Thursday, June 30, 2011
Court of Appeal Throws Out Default Judgment Against Sacramento Lawyer
By a MetNews Staff Writer
A Sacramento-area lawyer yesterday escaped a $2 million default judgment in a lawsuit for an accounting, brought by a former client.
The Third District Court of Appeal, in a decision by Justice Ronald B. Robie, explained that Beth Van Sickle was unable to accept the default of her former attorney, Gregory F. Gilbert, because she did not request a specific amount of money in her complaint or prove that she had served a statement of damages on Gilbert.
Van Sickle had retained Gilbert and Anthony Scalora, now deceased, to represent her in a divorce proceeding on a contingency basis. The fee agreement provided that the attorneys would receive installment payments over the live of the leases in effect on certain properties awarded to Van Sickle in the final judgment of the divorce.
According to Van Sickle’s complaint, Gilbert “marshaled, gathered, and took possession of the properties that were transferred [to Van Sickle]” in the divorce and “[b]etween 1985 and 1992…managed the properties, distributed certain sums of money as and for attorney fees, expended certain sums of money and delivered certain sums of money to [Van Sickle].”
She claimed that the attorney “so mismanaged the properties, that…taxes were not paid, delinquencies were filed, and [she] ha[d] no way of determining the amounts of money previously paid under the contingency fee contract.”
Undue Influence Claim
In 1992, Van Sickle sued Gilbert and Scalora’s estate to rescind the fee agreement, alleging it was void as against public policy and obtained by undue influence. The trial court granted summary judgment in favor of Gilbert and the trust on the merits, and the appellate court affirmed on the ground that her action was time-barred.
Nearly 11 years later, Van Sickle filed suit again, this time seeking “a complete accounting” from Gilbert “for the time he managed the properties as well as [for] the monies received under the contingency fee agreement and additional attorney fees paid to him above the contingency fee agreement.”
Her complaint asserted causes of action for accounting, declaratory relief, constructive trust, and breach of fiduciary duty. However, nowhere in the complaint did she demand a particular amount of damages, either compensatory or punitive.
In June 2005, Van Sickle served Gilbert by mail with 23 requests for admissions, 128 special interrogatories, and 42 demands for production of documents. Gilbert failed to timely serve any responses to her requests.
Retired El Dorado Superior Court Judge Thomas Smith later ruled that all but two of the requests for admission were deemed admitted and imposed sanctions of $786.30 on Gilbert. He also ordered Gilbert to serve responses to the interrogatories and demands for production.
A discovery referee subsequently issued a report finding Gilbert had not complied with Smith’s order or otherwise cooperated in discovery. The referee said Gilbert’s conduct was “so egregious as to make it apparent that no lesser sanction than the terminating sanction would compel [him] to obey the orders of the Court regarding discovery.”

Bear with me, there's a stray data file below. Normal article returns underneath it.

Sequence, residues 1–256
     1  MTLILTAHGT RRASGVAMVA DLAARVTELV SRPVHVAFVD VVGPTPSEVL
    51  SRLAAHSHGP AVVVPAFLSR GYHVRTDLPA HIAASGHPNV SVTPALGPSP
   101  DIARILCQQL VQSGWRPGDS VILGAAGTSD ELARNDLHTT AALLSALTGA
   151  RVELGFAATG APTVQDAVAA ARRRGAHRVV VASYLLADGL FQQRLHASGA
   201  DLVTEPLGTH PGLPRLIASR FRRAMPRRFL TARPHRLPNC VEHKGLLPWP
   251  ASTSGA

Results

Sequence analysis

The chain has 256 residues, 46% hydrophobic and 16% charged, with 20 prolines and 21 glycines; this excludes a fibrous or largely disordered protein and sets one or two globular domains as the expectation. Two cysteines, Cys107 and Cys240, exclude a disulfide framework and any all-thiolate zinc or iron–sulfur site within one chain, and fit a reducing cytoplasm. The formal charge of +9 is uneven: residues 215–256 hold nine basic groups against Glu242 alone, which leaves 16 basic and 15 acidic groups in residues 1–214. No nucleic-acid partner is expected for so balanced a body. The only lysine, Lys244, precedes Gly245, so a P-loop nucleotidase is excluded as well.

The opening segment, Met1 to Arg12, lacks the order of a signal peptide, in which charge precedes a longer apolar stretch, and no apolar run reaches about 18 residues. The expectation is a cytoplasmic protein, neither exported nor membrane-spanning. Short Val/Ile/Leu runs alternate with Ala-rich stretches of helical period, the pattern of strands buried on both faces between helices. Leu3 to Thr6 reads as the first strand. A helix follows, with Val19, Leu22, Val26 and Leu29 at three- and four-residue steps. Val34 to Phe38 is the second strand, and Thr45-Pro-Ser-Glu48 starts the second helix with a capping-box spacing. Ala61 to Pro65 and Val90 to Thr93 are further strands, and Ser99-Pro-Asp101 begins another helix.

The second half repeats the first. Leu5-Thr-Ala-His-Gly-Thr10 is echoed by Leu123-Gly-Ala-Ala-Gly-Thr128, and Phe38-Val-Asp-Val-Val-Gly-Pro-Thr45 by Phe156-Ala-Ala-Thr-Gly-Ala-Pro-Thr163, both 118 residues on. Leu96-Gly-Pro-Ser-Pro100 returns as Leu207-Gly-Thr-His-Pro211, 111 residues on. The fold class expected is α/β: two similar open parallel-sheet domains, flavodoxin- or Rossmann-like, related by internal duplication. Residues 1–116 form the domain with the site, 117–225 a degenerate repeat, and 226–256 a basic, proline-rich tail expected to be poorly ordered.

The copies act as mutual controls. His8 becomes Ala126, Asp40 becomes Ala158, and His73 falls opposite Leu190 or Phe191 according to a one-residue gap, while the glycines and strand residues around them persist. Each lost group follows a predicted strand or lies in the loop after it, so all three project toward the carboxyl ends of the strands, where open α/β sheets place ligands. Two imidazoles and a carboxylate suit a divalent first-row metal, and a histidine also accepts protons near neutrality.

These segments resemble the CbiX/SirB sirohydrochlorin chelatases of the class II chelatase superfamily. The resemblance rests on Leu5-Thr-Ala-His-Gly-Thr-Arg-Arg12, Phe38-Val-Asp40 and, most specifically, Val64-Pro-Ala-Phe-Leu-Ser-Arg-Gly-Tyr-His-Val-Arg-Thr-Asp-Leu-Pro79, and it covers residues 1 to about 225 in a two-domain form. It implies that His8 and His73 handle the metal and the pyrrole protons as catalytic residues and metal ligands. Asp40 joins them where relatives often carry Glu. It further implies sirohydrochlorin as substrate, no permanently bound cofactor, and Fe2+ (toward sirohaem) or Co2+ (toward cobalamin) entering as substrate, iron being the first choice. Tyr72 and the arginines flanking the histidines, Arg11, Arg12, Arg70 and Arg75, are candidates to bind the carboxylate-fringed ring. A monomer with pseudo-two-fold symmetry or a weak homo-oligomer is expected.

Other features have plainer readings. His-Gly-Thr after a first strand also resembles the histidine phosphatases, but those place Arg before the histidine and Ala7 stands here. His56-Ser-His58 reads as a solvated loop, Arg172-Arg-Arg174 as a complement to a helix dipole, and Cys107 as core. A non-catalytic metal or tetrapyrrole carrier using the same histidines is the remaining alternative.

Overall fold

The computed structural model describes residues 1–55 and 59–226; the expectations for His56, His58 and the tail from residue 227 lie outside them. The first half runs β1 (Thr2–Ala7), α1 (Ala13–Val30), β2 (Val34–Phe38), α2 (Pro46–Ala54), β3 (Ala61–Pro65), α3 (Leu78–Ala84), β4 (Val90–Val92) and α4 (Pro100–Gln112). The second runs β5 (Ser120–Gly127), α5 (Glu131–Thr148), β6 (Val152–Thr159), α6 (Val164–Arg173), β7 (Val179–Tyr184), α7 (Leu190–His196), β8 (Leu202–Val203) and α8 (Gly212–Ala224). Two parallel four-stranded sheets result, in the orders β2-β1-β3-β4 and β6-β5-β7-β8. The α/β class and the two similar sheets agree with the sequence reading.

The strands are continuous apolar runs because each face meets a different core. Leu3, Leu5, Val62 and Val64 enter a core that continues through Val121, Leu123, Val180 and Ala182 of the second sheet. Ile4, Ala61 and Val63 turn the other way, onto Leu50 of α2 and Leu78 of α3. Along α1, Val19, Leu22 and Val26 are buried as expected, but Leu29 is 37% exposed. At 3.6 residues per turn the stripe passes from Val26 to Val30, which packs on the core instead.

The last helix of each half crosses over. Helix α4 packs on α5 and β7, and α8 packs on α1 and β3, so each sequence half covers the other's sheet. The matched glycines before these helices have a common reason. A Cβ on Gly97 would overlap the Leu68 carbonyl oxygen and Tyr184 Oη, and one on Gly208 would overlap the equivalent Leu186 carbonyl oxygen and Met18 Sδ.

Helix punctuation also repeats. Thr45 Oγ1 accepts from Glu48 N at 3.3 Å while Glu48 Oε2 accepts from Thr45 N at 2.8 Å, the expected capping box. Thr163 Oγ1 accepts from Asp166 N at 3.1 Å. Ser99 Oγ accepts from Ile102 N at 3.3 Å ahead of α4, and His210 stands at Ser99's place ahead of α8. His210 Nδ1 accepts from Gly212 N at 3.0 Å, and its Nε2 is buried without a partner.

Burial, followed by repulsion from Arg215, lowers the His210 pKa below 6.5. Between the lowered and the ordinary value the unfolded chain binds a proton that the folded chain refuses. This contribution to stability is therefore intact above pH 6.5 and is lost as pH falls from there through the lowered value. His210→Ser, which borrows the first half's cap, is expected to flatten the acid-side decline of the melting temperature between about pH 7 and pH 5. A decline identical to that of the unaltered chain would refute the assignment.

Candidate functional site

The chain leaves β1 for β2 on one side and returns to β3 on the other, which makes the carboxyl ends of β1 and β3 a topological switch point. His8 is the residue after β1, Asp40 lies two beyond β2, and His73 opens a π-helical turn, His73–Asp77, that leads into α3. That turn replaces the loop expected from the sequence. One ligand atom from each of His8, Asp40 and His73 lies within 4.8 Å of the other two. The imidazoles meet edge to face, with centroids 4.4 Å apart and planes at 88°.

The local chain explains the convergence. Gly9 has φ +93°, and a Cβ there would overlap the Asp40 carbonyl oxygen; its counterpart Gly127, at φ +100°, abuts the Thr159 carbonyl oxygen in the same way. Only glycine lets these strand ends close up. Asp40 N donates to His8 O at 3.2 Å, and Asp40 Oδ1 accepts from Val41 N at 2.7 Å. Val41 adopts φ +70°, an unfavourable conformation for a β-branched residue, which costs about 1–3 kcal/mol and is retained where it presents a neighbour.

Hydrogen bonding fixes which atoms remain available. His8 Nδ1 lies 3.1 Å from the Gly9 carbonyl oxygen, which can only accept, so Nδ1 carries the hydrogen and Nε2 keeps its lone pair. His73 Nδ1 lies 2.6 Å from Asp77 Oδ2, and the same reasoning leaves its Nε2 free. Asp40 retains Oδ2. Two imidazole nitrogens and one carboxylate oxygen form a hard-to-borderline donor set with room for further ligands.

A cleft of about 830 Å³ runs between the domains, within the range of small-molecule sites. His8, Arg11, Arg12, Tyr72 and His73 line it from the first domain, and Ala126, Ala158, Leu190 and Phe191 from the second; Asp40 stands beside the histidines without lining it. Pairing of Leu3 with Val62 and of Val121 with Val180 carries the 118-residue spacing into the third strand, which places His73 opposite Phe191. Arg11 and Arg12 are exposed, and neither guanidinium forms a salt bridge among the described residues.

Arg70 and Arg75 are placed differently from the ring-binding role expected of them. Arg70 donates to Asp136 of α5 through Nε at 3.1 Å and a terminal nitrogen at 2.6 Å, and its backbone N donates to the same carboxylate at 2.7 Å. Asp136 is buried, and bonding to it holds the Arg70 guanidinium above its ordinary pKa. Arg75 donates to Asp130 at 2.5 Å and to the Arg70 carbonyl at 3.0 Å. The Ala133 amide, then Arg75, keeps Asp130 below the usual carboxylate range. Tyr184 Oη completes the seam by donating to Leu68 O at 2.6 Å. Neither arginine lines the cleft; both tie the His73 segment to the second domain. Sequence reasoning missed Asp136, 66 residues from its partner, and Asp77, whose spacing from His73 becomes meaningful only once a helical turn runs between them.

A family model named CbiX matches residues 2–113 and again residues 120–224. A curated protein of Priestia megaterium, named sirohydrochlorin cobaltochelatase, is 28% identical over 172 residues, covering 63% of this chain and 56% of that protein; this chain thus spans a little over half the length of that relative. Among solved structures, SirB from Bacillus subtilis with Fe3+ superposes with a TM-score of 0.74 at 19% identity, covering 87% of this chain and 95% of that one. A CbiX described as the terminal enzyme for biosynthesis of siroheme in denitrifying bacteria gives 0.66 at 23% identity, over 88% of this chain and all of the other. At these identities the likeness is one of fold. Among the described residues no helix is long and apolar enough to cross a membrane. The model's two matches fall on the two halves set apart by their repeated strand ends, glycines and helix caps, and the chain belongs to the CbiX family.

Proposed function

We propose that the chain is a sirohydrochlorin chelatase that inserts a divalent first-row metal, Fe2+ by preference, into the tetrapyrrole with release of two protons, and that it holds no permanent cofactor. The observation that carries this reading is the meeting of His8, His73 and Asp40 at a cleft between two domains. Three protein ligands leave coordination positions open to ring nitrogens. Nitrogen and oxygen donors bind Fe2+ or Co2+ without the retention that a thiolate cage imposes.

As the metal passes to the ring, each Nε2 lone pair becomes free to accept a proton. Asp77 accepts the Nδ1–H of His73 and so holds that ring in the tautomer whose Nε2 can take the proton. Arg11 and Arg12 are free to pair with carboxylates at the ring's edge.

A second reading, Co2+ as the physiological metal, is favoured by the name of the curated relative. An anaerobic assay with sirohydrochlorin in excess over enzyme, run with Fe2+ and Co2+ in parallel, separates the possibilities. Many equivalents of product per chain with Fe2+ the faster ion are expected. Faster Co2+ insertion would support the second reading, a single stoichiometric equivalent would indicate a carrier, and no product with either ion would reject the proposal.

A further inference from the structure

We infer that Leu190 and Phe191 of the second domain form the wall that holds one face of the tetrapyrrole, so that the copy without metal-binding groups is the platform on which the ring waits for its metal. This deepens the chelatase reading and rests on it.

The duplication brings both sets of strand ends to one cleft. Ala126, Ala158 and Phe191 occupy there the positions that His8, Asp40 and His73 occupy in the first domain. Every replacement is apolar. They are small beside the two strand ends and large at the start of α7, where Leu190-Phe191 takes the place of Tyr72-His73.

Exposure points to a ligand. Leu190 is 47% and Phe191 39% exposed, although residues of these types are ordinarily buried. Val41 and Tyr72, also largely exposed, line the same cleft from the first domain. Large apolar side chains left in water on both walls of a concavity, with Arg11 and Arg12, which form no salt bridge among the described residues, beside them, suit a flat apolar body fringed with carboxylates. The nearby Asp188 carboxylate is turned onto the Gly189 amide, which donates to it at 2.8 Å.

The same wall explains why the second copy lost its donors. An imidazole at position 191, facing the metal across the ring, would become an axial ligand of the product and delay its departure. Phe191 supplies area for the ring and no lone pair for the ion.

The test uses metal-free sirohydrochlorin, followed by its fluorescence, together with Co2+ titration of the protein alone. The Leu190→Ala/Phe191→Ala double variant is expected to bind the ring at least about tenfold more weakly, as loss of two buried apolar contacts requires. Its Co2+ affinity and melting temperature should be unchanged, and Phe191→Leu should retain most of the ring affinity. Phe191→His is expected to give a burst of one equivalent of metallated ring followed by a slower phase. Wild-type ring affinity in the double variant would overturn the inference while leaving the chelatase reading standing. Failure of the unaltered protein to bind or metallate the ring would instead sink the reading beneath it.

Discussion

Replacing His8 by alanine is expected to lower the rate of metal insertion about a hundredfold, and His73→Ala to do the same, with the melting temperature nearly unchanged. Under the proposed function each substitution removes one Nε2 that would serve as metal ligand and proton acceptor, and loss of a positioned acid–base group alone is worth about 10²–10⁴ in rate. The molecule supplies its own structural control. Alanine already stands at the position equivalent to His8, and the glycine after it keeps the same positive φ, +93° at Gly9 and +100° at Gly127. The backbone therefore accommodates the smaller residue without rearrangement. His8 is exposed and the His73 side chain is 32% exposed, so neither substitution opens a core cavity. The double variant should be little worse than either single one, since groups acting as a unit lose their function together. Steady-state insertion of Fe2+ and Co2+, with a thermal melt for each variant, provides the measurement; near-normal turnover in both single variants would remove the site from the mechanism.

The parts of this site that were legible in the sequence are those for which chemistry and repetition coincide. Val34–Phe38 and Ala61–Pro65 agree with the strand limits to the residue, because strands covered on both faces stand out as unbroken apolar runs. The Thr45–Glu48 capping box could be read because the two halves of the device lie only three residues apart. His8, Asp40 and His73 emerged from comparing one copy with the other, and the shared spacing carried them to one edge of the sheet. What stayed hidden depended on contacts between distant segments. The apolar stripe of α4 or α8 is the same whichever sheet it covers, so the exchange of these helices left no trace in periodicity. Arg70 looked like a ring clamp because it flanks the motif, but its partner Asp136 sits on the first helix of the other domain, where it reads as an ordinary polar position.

The trial court approved the referee’s report and ordered Gilbert’s answer to the complaint to be stricken. On Van Sickle’s request, the court also entered Gilbert’s default in the action.
Van Sickle later filed a request for default judgment against Gilbert, requesting a money judgment of either $1,330,230.71 or $984,812.22.
A prove-up hearing was held before El Dorado Superior Court Judge Steven C. Bailey, and Van Sickle sought a money judgment of $984,812.22. Bailey awarded her $1,090,101.26 in compensatory damages, and an equivalent amount of punitive damages, for a total of $2,180,202.52.
Writing for the appellate court, Robie reasoned the trial court acted reasonably in issuing terminating sanctions to protect Van Sickle’s interests in the litigation, since Gilbert’s conduct was “a textbook example of bad lawyering which resulted in an inordinate burden on opposing counsel and the court.”
The default, however, could not stand, he said, based on Ely v. Gray (1990) 224 Cal.App.3d 1257.
In that case, Robie noted, the Third District held that a statement of damages equivalent to that required by Code of Civil Procedure Sec. 425.11 is necessary in an action for an accounting, if the complaint provides no estimate of this amount.
Pursuant to Ely, Robie said, if “a complaint seeking an accounting does not request a specific amount of money from the defendant, the plaintiff must serve a statement of damages before taking the defendant’s default, otherwise the resulting default judgment is invalid, as is the entry of default itself.”
Since there was no evidence Van Sickle served Gilbert with a statement of damages before she took his default, and she did not include an estimate of the amount due to her in her complaint, Robie concluded, she had failed to comply with the requirements of Ely and the default judgment against Gilbert had to be reversed.
Justices Vance W. Raye and Elena J. Duarte joined Robie in his decision.
According to an internet search, Gilbert is a director of Diabetic Innovations, a Dallas-based corporation which markets “Cellular Activation Therapy” as a form of treatment for diabetes. His company biography also lists him as CEO of Bionica Inc., which manufacturers medical infusion devices, and Hamilton PNG, a pharmaceuticals company.
He was briefly suspended from the practice of law in 1997 for failure to pay his State Bar dues but has no other public record of discipline.
The case is Van Sickle v. Gilbert, 11 S.O.S. 3474.
Copyright 2011, Metropolitan News Company